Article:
The EU and the ILO have invested large amounts of resources in the past 20 years in promoting core labour standards. This article examines the products on these investments, by analysing the linkage between the protection of collective labour rights, countries’ statuses in the EU, ratification of the ILO’s fundamental conventions and ILO monitoring. The article argues that labour standards were formulated to counteract competitive pressures aggravated by economic integration, by creating minimum standards. The ILO created minimum standards by designating eight conventions as fundamental conventions, and monitoring countries’ compliance. The EU promoted the ILO’s minimum standards, using hard and soft legal instruments, among its members and partner countries. The article hypothesize that these instruments have led to Europeanization and harmonization of labour standards beyond the circles of EU members and EU candidate countries. It tests these hypotheses by analysing data on labour standards in 42 European countries. The results indicate that strengthened relations with the EU are positively associated with subsequent labour standards. The article concludes in pointing out policy and theoretical implications. Namely that the EU’s external action in Europe is a promising venue of EU influence and that Europeanization is a matter of degree rather than category.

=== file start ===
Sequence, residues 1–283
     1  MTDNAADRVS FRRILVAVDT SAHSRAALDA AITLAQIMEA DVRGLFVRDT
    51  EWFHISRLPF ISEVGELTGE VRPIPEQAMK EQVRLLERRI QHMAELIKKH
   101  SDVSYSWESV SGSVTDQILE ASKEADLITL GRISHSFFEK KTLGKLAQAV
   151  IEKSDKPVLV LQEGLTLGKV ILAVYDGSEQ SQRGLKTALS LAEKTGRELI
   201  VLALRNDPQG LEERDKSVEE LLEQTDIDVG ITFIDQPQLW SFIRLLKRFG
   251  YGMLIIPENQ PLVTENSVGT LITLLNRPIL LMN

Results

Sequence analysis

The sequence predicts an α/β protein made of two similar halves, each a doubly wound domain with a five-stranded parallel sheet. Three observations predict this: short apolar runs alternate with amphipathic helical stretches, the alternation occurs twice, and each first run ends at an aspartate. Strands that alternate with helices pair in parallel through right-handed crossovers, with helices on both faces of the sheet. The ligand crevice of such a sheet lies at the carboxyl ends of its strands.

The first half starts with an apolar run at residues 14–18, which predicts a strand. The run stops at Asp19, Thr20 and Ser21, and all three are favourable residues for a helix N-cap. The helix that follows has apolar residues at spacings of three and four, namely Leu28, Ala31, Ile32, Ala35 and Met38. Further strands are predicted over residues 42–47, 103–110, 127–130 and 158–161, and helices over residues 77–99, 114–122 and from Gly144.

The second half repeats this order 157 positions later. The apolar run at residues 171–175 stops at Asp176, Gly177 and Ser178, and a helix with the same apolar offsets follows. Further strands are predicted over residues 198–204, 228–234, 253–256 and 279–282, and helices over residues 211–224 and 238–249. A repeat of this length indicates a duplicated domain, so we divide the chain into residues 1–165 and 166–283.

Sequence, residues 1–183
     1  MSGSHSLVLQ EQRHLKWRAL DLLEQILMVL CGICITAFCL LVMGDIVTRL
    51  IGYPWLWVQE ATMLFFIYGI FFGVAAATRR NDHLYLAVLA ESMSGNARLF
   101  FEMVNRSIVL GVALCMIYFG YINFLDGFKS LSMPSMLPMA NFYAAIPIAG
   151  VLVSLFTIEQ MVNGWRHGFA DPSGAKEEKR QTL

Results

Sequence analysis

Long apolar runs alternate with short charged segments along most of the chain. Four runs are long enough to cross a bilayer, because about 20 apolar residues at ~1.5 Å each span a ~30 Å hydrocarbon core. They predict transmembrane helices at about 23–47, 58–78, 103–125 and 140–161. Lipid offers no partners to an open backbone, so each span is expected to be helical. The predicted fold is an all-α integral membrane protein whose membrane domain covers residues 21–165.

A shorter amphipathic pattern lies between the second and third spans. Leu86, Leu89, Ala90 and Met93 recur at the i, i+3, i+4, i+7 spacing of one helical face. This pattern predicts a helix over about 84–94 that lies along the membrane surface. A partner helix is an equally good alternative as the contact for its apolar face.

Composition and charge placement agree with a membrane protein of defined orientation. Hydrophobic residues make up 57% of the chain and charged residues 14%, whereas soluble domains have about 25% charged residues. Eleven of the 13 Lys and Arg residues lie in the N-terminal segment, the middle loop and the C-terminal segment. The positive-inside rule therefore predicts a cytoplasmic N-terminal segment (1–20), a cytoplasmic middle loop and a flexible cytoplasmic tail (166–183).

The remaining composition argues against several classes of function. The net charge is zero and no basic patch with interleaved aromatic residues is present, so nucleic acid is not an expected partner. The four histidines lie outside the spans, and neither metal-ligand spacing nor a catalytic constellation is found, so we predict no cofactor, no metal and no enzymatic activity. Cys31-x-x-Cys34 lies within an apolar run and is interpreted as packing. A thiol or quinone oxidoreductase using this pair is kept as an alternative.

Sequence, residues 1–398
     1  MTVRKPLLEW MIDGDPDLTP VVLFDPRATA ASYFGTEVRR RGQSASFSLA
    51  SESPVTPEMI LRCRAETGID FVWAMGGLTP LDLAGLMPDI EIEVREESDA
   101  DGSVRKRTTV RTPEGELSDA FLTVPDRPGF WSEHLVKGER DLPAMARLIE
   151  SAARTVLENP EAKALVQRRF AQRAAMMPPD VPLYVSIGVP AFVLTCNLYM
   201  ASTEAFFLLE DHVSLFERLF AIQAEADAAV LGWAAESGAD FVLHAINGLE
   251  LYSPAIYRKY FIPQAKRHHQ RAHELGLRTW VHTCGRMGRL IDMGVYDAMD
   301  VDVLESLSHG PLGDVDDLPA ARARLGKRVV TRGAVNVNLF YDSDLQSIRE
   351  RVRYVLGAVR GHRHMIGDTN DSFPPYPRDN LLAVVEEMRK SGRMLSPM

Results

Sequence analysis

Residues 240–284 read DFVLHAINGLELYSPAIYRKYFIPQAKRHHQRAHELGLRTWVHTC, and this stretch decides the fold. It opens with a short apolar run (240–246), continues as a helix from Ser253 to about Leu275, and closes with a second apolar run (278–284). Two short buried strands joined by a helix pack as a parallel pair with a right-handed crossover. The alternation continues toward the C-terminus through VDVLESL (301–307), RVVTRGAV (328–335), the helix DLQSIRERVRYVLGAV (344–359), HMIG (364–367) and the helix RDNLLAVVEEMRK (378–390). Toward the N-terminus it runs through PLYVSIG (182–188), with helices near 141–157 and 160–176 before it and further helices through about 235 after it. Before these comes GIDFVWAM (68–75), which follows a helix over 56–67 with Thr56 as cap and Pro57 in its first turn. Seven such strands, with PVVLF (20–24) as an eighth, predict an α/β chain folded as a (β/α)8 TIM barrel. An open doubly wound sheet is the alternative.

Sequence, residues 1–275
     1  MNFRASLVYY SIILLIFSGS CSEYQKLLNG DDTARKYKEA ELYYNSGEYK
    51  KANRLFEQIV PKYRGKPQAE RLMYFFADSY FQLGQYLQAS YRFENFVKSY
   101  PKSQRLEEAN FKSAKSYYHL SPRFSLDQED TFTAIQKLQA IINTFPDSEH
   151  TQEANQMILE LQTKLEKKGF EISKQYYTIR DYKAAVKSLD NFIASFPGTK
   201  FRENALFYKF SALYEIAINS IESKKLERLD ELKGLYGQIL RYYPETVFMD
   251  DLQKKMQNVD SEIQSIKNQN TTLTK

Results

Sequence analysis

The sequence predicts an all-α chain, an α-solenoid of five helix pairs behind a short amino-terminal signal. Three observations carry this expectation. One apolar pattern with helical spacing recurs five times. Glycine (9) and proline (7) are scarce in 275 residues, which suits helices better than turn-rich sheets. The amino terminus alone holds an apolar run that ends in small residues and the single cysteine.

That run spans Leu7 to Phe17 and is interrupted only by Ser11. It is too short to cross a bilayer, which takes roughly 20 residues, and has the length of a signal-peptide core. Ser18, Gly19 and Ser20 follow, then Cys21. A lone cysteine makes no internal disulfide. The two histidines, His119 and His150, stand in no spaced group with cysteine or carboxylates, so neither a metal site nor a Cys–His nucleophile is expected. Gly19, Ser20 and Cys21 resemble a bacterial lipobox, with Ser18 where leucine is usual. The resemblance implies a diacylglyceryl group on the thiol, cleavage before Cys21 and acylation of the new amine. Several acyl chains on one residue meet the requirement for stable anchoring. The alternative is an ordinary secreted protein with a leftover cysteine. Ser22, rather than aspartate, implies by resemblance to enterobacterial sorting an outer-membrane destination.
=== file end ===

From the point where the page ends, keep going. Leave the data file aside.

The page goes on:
Bibliographical notePublisher Copyright:
© 2015 Taylor & Francis.
- European Union
- International Labour Organization
- Labour standards
- Panel data
- Trade and Human rights